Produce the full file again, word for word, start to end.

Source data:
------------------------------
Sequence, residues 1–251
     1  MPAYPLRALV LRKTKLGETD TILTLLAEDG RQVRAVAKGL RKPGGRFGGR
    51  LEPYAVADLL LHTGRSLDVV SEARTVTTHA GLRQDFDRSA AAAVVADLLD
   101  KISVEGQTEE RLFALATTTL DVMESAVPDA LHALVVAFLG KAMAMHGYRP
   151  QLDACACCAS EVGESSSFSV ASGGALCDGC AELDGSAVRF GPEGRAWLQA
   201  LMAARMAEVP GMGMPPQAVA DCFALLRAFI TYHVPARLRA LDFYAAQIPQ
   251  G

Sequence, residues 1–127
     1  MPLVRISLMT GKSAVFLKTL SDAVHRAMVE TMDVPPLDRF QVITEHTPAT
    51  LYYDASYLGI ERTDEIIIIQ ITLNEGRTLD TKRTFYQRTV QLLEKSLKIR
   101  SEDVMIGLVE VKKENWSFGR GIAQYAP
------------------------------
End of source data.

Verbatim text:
Sequence, residues 1–251
     1  MPAYPLRALV LRKTKLGETD TILTLLAEDG RQVRAVAKGL RKPGGRFGGR
    51  LEPYAVADLL LHTGRSLDVV SEARTVTTHA GLRQDFDRSA AAAVVADLLD
   101  KISVEGQTEE RLFALATTTL DVMESAVPDA LHALVVAFLG KAMAMHGYRP
   151  QLDACACCAS EVGESSSFSV ASGGALCDGC AELDGSAVRF GPEGRAWLQA
   201  LMAARMAEVP GMGMPPQAVA DCFALLRAFI TYHVPARLRA LDFYAAQIPQ
   251  G

Sequence, residues 1–127
     1  MPLVRISLMT GKSAVFLKTL SDAVHRAMVE TMDVPPLDRF QVITEHTPAT
    51  LYYDASYLGI ERTDEIIIIQ ITLNEGRTLD TKRTFYQRTV QLLEKSLKIR
   101  SEDVMIGLVE VKKENWSFGR GIAQYAP